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Old 11-08-2016, 09:35 PM   #1
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Load bearing?


We didn't think this header/wall was load bearing since it's parallel to the floor and ceiling joists... but it sure does look load bearing? We are stumped. Can you guys give us some insight?
Thanks!
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Old 11-09-2016, 12:17 AM   #2
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Re: Load bearing?


Yes. Sure looks like it to me.
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Old 11-09-2016, 07:06 AM   #3
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Re: Load bearing?


A load bearing element is anything that carries more than its own weight. The best way to determine if a wall is load bearing is to look at what is above it to determine if the wall is carrying any load. Typical loads includes joists, beams, diagonal braces, or another wall. If you lack access above, you need to open the space above the wall to look. Do NOT rely on plans to determine if the wall is load bearing, houses are built differently from plans all the time, additions are made, changes occur after construction. If you are not comfortable making the load bearing determination, call in a professional engineer, architect, or contractor.
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Old 11-09-2016, 07:32 AM   #4
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Re: Load bearing?


Floor is easier since if that beam studs are load bearing there would be more structure underneath. There is only one way to know, even if you seem to be sure about the joist directions, which is to open the ceiling and see what is resting on the beam. I think you'd want to open entirely from one end to the other and make sure both adjoining joists are actually parallel and resting independently on their own bearing points.
If that is a kitchen and a countertop I'm looking at (photo too shadowy), the beam may be just a space separator. I might have put something like it although kind of senseless retrospectively. Live and learn. Also looks like double 2x10 beam and the span may be too much for the double 2x10 to pass. That may be just the photo's perspective.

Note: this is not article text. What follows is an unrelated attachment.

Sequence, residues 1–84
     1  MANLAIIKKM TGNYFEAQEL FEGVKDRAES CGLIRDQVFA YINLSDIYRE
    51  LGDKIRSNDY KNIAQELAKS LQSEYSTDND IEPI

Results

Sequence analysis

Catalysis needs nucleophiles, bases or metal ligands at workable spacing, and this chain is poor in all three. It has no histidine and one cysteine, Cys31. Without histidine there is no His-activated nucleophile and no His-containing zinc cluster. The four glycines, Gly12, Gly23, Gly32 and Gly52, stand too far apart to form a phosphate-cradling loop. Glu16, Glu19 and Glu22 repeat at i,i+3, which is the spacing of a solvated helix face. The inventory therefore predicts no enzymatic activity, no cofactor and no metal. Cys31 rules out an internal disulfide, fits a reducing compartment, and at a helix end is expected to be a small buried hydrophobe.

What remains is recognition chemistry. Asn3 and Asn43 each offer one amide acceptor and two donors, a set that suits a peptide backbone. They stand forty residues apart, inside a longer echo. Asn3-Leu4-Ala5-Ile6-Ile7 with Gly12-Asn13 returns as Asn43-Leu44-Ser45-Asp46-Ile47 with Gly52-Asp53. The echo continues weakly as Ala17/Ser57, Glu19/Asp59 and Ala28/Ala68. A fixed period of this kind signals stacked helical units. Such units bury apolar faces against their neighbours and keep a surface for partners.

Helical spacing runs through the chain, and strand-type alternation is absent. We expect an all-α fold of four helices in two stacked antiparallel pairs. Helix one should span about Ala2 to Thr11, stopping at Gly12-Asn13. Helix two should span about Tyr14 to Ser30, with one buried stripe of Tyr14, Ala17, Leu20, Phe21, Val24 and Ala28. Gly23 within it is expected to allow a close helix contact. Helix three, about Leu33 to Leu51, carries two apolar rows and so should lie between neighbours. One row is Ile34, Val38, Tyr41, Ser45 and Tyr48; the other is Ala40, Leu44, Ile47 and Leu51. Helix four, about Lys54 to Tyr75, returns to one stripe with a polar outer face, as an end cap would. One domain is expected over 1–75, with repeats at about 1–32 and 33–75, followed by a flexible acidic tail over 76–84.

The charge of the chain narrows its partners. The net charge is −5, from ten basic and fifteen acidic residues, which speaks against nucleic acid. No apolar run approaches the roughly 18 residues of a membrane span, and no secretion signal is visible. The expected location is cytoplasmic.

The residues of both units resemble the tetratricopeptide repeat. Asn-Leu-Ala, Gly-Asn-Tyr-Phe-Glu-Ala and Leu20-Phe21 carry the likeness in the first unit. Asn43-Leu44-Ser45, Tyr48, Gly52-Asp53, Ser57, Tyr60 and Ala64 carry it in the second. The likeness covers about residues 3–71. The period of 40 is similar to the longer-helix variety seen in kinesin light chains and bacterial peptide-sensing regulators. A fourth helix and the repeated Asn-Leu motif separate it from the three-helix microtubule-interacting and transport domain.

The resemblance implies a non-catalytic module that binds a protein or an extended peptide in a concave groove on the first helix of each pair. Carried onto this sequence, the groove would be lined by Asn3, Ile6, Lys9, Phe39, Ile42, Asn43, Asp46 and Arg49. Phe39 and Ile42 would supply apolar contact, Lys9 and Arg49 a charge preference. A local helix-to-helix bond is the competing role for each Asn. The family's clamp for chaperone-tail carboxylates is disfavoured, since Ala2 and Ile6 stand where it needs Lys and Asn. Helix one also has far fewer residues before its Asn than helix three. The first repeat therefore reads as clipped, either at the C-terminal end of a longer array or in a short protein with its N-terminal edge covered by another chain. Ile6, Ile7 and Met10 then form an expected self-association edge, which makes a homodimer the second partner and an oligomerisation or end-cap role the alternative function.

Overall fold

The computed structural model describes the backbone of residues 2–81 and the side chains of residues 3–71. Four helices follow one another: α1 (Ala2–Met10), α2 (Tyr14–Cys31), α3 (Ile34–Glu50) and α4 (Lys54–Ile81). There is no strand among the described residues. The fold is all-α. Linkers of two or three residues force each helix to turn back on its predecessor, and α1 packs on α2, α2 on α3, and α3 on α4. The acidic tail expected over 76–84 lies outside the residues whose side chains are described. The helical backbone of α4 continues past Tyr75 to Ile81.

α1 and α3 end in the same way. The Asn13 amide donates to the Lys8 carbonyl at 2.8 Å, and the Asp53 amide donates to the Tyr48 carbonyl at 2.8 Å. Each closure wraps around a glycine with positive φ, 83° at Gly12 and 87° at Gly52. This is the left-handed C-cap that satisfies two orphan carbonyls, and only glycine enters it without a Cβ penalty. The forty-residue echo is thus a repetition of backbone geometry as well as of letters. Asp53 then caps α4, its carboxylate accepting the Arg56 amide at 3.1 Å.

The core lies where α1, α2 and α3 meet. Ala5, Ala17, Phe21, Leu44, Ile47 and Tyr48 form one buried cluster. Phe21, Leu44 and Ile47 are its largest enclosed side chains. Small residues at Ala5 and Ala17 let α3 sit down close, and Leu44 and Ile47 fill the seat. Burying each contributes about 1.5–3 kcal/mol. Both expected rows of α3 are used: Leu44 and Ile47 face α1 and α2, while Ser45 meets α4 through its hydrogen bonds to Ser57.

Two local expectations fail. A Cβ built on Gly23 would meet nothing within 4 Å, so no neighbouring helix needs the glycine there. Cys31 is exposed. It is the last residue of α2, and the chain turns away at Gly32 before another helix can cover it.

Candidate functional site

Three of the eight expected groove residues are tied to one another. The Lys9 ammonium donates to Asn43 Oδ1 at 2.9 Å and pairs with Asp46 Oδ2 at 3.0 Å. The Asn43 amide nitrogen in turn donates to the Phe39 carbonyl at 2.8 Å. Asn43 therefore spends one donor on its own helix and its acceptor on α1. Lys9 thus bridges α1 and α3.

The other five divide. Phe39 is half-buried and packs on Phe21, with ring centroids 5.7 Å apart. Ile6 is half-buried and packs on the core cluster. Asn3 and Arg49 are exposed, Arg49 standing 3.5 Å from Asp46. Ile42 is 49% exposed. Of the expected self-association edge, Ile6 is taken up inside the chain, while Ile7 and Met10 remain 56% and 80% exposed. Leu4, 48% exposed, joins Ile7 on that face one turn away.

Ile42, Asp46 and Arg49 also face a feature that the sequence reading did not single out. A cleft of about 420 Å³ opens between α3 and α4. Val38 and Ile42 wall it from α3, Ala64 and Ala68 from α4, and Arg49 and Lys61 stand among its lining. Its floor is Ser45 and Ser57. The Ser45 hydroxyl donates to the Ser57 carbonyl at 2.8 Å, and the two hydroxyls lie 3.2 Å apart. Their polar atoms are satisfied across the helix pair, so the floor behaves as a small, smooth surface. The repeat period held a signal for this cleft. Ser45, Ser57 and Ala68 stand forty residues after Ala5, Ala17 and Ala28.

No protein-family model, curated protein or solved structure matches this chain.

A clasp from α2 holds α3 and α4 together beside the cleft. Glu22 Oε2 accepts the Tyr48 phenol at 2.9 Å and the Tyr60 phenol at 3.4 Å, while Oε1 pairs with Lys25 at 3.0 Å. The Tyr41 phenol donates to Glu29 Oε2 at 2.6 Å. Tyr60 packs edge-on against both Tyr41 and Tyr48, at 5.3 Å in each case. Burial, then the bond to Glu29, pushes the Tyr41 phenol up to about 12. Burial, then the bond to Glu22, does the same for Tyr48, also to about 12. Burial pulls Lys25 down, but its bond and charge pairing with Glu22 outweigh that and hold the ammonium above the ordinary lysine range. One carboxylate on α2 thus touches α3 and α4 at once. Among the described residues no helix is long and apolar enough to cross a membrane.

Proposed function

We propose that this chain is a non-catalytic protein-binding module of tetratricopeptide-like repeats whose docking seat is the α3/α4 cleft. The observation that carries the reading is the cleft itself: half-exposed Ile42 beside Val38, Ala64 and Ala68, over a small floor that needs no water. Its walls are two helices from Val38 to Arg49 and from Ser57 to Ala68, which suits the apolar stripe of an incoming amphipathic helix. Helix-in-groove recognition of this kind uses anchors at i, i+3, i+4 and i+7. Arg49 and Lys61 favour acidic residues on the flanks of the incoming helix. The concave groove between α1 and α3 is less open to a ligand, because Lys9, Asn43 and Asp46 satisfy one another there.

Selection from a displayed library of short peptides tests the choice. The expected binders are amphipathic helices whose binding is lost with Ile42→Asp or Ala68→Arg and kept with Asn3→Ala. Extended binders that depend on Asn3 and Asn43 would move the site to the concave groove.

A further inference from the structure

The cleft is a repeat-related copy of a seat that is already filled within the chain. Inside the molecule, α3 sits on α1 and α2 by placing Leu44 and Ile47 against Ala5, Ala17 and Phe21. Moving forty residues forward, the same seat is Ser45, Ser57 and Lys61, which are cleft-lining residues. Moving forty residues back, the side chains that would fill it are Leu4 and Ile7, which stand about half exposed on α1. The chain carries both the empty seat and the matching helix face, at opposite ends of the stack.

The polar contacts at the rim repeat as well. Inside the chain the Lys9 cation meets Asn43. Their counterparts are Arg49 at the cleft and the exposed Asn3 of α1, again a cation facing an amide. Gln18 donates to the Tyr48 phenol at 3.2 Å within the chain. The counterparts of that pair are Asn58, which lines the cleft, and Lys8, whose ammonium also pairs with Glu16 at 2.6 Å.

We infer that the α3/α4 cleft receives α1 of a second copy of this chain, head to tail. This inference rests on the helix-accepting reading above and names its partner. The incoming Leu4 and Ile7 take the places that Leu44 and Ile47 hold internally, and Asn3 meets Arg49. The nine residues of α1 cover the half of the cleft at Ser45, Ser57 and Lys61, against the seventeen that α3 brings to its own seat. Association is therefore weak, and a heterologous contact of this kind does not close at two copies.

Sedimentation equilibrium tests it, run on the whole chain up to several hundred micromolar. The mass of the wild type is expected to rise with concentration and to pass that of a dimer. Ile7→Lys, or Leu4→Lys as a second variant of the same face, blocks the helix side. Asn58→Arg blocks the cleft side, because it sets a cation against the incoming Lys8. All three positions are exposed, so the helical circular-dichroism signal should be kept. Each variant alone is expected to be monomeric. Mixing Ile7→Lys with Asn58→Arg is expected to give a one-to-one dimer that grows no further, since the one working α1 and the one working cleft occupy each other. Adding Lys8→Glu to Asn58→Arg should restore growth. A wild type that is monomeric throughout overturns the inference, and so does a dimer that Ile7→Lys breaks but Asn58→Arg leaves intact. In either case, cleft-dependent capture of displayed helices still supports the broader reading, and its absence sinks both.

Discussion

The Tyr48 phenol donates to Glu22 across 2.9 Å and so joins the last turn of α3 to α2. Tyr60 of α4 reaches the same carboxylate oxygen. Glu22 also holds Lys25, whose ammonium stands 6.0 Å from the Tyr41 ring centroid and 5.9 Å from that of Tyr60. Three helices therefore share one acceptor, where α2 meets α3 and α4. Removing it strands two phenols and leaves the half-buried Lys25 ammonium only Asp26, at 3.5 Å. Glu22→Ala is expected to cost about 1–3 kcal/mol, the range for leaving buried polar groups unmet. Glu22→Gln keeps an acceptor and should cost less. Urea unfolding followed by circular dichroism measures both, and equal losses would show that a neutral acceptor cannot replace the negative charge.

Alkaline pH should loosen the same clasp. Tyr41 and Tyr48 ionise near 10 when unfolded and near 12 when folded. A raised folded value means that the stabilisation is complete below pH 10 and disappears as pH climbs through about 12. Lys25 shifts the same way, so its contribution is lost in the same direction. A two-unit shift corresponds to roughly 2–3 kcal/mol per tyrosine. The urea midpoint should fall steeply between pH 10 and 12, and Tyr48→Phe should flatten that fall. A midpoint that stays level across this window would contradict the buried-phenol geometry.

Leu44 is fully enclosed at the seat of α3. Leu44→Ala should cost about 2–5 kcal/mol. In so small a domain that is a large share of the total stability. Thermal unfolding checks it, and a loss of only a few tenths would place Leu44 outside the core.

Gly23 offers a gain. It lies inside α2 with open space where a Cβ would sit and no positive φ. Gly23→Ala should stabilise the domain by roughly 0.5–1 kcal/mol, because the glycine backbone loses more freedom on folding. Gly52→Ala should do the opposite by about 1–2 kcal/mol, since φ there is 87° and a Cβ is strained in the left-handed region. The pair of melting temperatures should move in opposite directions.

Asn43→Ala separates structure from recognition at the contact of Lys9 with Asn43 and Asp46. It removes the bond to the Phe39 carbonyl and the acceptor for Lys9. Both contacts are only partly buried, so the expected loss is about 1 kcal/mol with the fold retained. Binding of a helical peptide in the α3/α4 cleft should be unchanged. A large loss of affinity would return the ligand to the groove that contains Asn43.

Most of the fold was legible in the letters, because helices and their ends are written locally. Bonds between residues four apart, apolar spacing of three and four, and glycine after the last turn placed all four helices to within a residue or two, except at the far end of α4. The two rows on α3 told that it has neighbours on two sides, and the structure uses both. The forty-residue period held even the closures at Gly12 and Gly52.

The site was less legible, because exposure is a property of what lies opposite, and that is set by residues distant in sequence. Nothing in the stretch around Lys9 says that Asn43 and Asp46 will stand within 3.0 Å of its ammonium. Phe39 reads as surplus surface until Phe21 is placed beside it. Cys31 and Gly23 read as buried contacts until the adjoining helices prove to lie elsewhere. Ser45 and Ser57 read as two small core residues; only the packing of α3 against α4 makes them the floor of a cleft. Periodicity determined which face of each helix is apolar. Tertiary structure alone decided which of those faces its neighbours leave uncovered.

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Old 11-16-2016, 09:34 AM   #5
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Re: Load bearing?


I realize that I am late in my reply, (been out of town with no Internet connection), but let me reply with the following.

Trusses would span that space without the "drop beam" in the ceiling, so I would think there is a structural element to the framing of that wall.
Best to assume it is structural and act accordingly rather than the other way around.
As per above, have a look on top to see what weights are landing on the drop beam.
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Old 11-19-2016, 05:52 PM   #6
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Re: Load bearing?


You will have to ask somebody who knows what they are doing take a look at it, both above and below. A framing carpenter might help you out for less than what a structural engineer would cost.
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Old 11-27-2016, 12:21 PM   #7
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Re: Load bearing?


Quote:
Originally Posted by Katieo227 View Post
We didn't think this header/wall was load bearing since it's parallel to the floor and ceiling joists... but it sure does look load bearing? We are stumped. Can you guys give us some insight?
Thanks!
Is the room on either side of this beam an addition or are both sides original to the house?

I ran into a similar situation here with a beam parallel to the ceiling joists, with no second story above. Our dining room was added on to our kitchen at some point, so the wall between them (parallel with ceiling joists/ties) was at one time an exterior wall, so when the other room was added, they framed the doorway between them with a 2x10 beam, although maybe not necessary. You never know what you'll find with older houses.

I would at least consult with an experienced framing carpenter, as suggested.
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Old 11-27-2016, 11:57 PM   #8
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Re: Load bearing?


So..... did you cut the ceiling hole? And give us another pic... In new construction, beams similar (size/placement) to yours are added by the framers rather than frame with short studs that would take twice as long. We added them over non bearing doorways/openings also, the GC figured it in the lumber take-off.

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